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Recent Unemployment Experience in New Zealand (WP 14/01)
Author: Jeff Borland. This paper discusses the recent history of the rate of unemployment in New Zealand. The rate of unemployment in New Zealand increased by about 3.5 percentage points between late 2007 and late 2009, and then has remained relatively steady to early 2013.
To Save or Save Not: Intergenerational Neutrality and the Expansion of New Zealand Superannuation (WP 14/02)
Author: Andrew Coleman. Increases in longevity mean the size of New Zealand's public retirement income programme, New Zealand Superannuation, will automatically expand unless the age of eligibility is increased. This paper analyses the consequences of expanding New Zealand Superannuation on a save-as-you-go basis through the New Zealand Superannuation Fund rather than on a pay-as-you-go basis.
New Zealand Labour Market Dynamics: Pre- and Post-global Financial Crisis (WP 14/03)
Author: Weshah Razzak. A persistent increase in the unemployment rate ignites speculations about whether the changes to unemployment are structural or cyclical. The New Zealand economy has been through major restructuring since the mid-1980s.
An Empirical Study of Sectoral-Level Capital Investments in New Zealand (WP 14/04)
Author: Weshah Razzak. I extend the Glick and Rogoff (1995) aggregate time-series, empirical, intertemporal model of country-investment (and the current account) to a sectoral-level, and estimate it for New Zealand. I fit the model to panel data of eleven industries from 1988-2009.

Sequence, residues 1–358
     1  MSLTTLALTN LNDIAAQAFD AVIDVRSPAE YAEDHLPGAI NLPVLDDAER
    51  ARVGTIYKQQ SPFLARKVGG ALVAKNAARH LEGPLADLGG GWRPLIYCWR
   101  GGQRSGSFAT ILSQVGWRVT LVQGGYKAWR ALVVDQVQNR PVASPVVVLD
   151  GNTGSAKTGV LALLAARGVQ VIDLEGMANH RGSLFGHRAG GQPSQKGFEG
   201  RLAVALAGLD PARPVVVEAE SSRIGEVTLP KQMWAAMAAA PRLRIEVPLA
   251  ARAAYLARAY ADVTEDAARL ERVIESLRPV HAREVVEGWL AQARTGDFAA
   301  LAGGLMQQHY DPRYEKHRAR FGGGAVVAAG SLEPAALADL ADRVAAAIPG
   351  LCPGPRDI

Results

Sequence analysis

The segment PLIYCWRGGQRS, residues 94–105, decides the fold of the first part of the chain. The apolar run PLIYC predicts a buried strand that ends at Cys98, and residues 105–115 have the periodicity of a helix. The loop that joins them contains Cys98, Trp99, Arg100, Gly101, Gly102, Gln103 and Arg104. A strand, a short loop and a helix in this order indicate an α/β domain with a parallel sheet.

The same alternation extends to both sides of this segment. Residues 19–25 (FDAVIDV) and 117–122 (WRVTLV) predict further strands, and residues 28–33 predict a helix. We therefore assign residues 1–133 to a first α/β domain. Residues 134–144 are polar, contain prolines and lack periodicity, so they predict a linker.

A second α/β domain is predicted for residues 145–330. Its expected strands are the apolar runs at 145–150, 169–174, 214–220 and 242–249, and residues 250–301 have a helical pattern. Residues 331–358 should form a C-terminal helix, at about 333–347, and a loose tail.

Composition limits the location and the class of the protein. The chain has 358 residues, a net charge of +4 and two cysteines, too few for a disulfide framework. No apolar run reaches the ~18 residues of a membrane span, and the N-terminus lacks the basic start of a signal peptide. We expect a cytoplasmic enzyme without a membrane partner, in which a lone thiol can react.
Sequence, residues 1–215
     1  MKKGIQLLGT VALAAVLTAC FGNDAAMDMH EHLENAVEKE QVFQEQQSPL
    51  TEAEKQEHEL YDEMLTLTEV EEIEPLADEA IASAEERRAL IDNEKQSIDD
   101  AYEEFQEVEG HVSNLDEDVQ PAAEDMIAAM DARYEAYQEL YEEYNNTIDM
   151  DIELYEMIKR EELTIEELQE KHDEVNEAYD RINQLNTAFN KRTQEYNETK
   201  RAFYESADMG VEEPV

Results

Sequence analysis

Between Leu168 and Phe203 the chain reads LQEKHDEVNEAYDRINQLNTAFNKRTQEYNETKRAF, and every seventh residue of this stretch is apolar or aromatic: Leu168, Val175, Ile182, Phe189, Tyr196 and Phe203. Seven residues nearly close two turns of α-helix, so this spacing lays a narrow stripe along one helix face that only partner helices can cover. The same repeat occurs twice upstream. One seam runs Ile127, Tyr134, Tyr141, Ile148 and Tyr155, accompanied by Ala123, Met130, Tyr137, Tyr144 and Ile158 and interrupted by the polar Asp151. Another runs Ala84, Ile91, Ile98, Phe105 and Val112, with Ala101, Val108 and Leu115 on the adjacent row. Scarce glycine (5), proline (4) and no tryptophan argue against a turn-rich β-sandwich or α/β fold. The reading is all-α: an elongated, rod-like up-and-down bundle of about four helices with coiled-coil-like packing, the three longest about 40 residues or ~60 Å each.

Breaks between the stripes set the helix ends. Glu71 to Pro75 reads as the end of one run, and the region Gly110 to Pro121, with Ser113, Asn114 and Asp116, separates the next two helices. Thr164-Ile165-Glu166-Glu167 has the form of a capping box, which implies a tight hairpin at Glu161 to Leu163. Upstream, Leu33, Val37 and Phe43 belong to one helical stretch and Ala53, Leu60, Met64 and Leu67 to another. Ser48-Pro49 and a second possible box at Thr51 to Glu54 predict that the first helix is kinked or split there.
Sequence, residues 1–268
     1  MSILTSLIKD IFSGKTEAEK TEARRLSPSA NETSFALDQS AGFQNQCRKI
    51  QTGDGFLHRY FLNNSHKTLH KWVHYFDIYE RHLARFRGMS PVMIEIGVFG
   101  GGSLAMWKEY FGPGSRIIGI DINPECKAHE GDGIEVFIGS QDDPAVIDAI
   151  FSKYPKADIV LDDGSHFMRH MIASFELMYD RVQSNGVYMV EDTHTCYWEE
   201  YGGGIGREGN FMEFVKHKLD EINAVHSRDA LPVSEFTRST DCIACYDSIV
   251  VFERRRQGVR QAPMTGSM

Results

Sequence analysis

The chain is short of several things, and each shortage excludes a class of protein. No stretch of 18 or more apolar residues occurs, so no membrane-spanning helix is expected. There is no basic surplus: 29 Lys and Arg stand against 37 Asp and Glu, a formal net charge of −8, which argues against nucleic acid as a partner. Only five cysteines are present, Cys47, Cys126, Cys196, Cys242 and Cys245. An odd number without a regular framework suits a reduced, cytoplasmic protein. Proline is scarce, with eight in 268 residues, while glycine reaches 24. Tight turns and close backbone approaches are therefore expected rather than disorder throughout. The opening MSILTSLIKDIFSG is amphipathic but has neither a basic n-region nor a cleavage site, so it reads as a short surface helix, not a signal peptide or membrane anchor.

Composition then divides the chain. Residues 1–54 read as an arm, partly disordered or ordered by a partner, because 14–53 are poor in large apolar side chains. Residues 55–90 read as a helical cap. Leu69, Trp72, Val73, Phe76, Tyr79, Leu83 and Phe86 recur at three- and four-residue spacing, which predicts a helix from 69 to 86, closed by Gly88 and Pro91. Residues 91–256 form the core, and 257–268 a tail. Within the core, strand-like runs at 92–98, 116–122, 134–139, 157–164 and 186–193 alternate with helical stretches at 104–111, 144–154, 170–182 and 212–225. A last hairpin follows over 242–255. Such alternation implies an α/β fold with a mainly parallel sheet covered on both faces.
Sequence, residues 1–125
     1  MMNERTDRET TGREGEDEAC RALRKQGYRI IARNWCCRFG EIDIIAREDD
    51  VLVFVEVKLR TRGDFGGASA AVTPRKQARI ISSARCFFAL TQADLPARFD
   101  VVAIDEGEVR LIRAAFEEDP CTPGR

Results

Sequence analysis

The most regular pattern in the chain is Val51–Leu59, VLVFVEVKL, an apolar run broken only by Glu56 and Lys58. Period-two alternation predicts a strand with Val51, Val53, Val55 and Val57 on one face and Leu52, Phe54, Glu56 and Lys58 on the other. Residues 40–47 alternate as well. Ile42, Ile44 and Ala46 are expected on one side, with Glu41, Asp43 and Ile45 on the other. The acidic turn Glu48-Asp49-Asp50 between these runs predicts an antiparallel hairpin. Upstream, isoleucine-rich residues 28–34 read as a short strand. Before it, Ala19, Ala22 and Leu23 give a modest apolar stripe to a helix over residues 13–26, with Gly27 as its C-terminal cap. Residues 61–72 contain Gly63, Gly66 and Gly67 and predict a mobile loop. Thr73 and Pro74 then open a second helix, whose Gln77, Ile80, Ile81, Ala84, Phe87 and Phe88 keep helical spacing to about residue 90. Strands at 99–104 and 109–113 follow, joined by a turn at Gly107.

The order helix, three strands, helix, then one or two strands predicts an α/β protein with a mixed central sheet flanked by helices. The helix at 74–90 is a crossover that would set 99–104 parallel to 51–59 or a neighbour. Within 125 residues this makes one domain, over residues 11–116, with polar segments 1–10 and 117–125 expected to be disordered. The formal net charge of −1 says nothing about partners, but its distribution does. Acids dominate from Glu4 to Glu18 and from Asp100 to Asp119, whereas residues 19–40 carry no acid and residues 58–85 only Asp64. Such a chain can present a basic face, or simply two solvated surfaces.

A Gravity Model of Barriers to Trade in New Zealand (WP 14/05)
Author: Murat Genc and David Law. There are many costs associated with international trade. These costs act as barriers to trade and affect the level of trade. This paper first provides a brief discussion of the stateof- the-art methods used to measure trade costs and to quantify their impact on trade.
KiwiSaver: Comparing Survey and Administrative Data (WP 14/06)
Author: Anton Samoilenko and David Law. This paper explores the KiwiSaver information contained in two sources: the administrative data from the Inland Revenue Department (IRD) and the Survey of Family, Income and Employment (SoFIE).
Food Expenditure and GST in New Zealand (WP 14/07)
Authors: Christopher Ball, John Creedy and Michael Ryan. This paper has two main aims. First, the poor targeting of a policy of zero-rating food in a goods and services tax (GST) is illustrated in a simple model where the revenue lost from zero-rating food is instead devoted to a universal transfer payment, with a larger effect on progressivity. Second, the paper investigates the welfare effects on New Zealand households of zero-rating food.
Estimation of Labour Supply in New Zealand (WP 14/08)
Authors: Joseph Mercante and Penny Mok. In this paper we estimate labour supply using a discrete choice approach for single men, single women and single parents and a joint labour supply equation for couples in New Zealand.
Estimation of Wage Equations for New Zealand (WP 14/09)
Authors: Joseph Mercante and Penny Mok. This paper estimates wage equations for New Zealand based on pooled data from the Household Economic Survey (HES) from 2006/07 to 2010/11.
Migration and Macroeconomic Performance in New Zealand: Theory and Evidence (WP 14/10)
Author: Julie Fry. New Zealand immigration policy settings are based on the assumption that the macroeconomic impacts of immigration may be significantly positive, with at worst small negative effects. However, both large positive and large negative effects are possible.
Housing Affordability: Lessons from the United States (WP 14/11)
Author: Mark Skidmore. The purpose of this report is to compare and contrast New Zealand housing trends and policies with those of United States. The report summarizes lessons learned from the United States and highlights data needs and research questions that may require further consideration in order to better understand housing markets in New Zealand.